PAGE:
You may not immediately think of strength, endurance and muscled male torsos when you think of ballet, but all of that will change if Northern Lights School of Dance (NLSD) gets its way.

“It’s a recreational activity that’s as physical and as… inspiring as playing football or any other sport,” says Deborah Lemaire, who recently retired after 14 years as NLSD’s artistic director, but continues as a consultant to the school.

“We want everybody to feel that they’re comfortable, whether they’re male or female. We want them to come because they love dancing, and they love music.”

Jake Ruddy resembles a cross between a pliable rag doll and a soccer player in the first few steps of a sinewy rush into a windmill kick.

His 17-year-old, muscled frame holds precise form, but when the music stops his laboured breathing becomes apparent. It’s obviously not as easy as it looks.

“Boom, boom, boom, boom,” calls out Julio Hong, mimicking the staccato rhythm he’s still waiting to see Ruddy and his dance partner, Odessa Beatty, commit into movement.

When the music begins again, Nick Jeffrey hoists fellow dancer Grayson Vanderbyl onto his shoulders and winces through pain. It’s been a long rehearsal and the signs of strain are showing.

“Give me some power!” Hong bellows to the dancers over the music.

After an unsuccessful attempt at a particularly challenging movement, the music ends and Hong sends his dancers for a water break. When they come back the pep talk begins.

“Remember… you’re always preparing for the magic to happen,” Hong says to Jeffrey and Ruddy.

Hong’s enthusiasm pours into them and they seem re-energized through the next run through of the pas de deux from the Tchaikovsky classic, The Nutcracker. [Pas de deux, put simply, is the ballet term for a duet.]

The Nutcracker is NLSD’s traditional Christmas offering. This year’s performances will take place December 9 and 10 at the Yukon Arts Centre.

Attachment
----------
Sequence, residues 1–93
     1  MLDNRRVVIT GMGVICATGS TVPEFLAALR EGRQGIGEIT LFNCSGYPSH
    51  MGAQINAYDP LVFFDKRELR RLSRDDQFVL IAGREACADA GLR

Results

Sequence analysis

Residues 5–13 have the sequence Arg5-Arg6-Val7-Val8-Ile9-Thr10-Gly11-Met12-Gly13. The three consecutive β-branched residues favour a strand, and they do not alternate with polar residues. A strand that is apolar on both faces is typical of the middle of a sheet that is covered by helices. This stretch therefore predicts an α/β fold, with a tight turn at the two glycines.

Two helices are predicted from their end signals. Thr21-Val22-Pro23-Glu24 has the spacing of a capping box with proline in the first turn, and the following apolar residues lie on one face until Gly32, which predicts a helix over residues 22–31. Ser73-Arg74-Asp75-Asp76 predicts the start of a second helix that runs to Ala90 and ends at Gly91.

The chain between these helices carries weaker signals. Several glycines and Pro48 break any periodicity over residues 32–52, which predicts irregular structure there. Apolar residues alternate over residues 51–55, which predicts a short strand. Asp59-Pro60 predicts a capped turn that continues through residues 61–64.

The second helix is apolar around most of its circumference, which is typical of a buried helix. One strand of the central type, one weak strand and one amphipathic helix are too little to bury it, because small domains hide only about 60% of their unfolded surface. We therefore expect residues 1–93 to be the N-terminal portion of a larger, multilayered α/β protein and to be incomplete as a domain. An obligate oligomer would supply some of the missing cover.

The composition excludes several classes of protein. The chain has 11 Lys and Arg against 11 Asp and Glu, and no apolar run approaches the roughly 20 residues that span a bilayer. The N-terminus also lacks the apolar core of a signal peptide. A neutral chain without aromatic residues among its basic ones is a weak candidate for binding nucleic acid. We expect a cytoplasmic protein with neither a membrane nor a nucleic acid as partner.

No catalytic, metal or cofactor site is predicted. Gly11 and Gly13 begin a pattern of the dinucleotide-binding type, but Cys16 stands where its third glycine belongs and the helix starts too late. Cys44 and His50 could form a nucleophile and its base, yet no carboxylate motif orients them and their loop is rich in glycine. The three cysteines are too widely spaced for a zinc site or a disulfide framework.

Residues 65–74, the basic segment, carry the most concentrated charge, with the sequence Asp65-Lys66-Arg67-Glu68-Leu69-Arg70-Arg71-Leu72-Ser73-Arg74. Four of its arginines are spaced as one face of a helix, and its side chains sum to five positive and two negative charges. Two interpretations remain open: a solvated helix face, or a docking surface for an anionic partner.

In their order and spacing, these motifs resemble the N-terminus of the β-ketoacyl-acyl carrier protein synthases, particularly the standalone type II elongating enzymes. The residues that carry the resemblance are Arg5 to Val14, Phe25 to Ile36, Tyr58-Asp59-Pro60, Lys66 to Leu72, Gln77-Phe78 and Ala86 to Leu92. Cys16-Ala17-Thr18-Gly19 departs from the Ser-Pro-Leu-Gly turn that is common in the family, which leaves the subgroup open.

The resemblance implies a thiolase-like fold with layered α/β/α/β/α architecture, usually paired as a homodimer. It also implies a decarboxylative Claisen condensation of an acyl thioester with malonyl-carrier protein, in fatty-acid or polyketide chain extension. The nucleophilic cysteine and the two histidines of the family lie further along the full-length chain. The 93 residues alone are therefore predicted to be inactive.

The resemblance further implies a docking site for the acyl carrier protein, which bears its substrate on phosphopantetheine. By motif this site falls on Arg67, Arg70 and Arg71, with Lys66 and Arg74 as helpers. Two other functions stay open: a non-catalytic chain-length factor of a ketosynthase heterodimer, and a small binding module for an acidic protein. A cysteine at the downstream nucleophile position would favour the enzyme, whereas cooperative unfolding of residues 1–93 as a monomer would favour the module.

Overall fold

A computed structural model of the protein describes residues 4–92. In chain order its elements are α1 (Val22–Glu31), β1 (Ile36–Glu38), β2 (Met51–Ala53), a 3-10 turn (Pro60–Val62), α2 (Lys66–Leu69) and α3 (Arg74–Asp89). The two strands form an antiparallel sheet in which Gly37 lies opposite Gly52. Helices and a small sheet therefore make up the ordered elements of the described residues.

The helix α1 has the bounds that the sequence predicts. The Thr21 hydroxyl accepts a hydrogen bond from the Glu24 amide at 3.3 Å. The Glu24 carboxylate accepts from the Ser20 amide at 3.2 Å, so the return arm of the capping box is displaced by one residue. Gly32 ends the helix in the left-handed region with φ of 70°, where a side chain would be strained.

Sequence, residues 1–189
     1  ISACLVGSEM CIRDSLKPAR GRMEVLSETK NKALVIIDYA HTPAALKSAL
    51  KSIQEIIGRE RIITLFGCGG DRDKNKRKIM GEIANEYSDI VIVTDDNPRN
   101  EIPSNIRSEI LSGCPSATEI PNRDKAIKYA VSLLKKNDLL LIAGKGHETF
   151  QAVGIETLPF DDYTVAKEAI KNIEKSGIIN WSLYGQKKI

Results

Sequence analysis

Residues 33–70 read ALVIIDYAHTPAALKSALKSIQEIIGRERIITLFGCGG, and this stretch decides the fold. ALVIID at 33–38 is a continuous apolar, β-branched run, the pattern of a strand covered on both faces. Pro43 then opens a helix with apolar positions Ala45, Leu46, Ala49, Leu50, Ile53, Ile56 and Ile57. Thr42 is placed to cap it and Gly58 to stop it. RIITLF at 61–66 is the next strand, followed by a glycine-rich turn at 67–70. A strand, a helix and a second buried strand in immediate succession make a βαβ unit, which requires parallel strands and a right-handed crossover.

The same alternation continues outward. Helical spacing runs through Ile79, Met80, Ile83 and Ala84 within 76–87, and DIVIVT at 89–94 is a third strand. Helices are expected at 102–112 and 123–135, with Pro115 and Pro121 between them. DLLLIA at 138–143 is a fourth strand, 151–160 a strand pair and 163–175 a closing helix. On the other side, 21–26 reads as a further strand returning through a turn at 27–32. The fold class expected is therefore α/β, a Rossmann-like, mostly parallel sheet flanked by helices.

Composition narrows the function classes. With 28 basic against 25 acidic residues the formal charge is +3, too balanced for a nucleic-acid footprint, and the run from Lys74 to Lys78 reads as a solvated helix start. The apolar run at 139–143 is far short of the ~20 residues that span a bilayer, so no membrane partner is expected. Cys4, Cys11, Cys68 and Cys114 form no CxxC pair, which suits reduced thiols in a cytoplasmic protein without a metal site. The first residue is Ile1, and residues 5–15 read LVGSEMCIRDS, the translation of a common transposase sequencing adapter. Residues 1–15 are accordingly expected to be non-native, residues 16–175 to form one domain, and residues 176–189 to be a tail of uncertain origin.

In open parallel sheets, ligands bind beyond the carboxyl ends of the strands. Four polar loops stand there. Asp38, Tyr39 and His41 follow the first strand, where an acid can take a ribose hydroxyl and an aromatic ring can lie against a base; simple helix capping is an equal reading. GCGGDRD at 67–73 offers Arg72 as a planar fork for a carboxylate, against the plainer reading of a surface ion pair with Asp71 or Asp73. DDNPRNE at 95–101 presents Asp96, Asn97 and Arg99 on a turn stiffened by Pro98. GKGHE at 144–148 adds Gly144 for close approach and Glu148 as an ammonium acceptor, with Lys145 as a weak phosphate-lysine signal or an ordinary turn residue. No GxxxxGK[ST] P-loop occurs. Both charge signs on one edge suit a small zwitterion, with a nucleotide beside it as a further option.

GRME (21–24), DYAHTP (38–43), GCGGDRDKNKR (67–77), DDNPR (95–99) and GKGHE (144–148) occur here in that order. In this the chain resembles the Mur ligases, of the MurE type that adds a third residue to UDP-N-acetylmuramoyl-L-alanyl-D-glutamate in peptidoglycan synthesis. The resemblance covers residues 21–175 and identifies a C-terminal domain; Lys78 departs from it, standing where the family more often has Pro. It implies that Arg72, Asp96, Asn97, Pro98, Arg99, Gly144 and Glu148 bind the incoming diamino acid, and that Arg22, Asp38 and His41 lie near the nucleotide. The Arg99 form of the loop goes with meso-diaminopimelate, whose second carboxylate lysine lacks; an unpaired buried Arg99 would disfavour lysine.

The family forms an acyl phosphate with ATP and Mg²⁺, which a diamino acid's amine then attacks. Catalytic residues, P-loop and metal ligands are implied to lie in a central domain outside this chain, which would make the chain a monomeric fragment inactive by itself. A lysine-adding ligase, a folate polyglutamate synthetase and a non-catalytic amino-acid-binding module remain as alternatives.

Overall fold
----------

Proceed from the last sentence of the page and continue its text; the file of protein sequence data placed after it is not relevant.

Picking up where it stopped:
For the past few years, it has also been something of a tradition for Hong to assist with the show.

The Cuban-born dancer and choreographer – whose full name is Julio Cesar Ortiz Hong – studied at the National School of Ballet before going on to complete a Masters degree in drama and theatrical art at the École Nationale des Arts.

He first came to the Yukon in 2001 with Marie Chouinard’s Montreal-based dance company, and later forged a relationship with Lemaire and NLSD when he came up to perform in The Nutcracker.

Hong has since worked with several of the NLSD students to help prepare them for the annual performance. It’s clearly a partnership that both the school and Hong value.

“Every time I come to Whitehorse I feel that the dancers are hungry for information and for inspiration,” Hong says with excitement.

“I feel that they empty me. I empty information that I have in my body – I give and give and give – but I see the results. I see the digestion of the information into their bodies and that’s the best gift for me.”

And the results are something that Lemaire has seen as well.

NLSD has had difficulty finding permanent male dance instructors in the territory and Lemaire hopes Hong will continue to work with students here to continue to strengthen the quality of male dancers coming out of NLSD’s programs.

“They get a tremendous amount out of having Julio up here,” she says of her male dancers, particularly Ruddy and Jeffrey.

“Not only are they learning what’s required to be a male dancer but they’re learning performance skills, and it’s important that they have that male role model to do that,” Lemaire explains.

“They love having him here. He pushes them.”

She pauses pensively for a moment, then continues. “When he’s been here they’re more confident, they’ve improved their skills, they’re stronger.”

Lemaire hopes this feeling of accomplishment and confidence is something she can bring to more male students in the territory.

NLSD is currently offering a 50 percent discount for first-time male students. It’s part of a larger campaign to combat the stigma that exists for male dancers outside of the dance community.

“Dance for men has been a taboo in society for many years,” Hong acknowledges.

Despite the enthusiastic response worldwide to ballet superstars such as Rudolf Nureyev and Mikhail Baryshnikov – and the wild popularity of the film and stage musical, Billy Elliot – certain stereotypes of male ballet dancers persist.

But it’s not something Lemaire is comfortable with.

“[Dance] is just as manly as playing football,” she says – and you can hear the frustration and hope at odds in her voice.

She would like NLSD to be a place of sanctuary and artistic growth for all students. Bringing Hong in to work with her students is one of the commitments that she’s made to provide this environment.

“Kids come in with all their issues that they have… and the studio is a place for them to focus on themselves and not to worry about anything else like homework or family or problems at school,” says Lemaire.

“They can come and focus on their dance and the physicality and the creative process.”

Her love of dance is obvious and it’s clear that the challenge of encouraging male dancers is one she has worked hard on.

“There’s always potential for being teased [for being a dancer] but we don’t see it that way and we want to get that across,” says Lemaire.

“And we’re getting there…”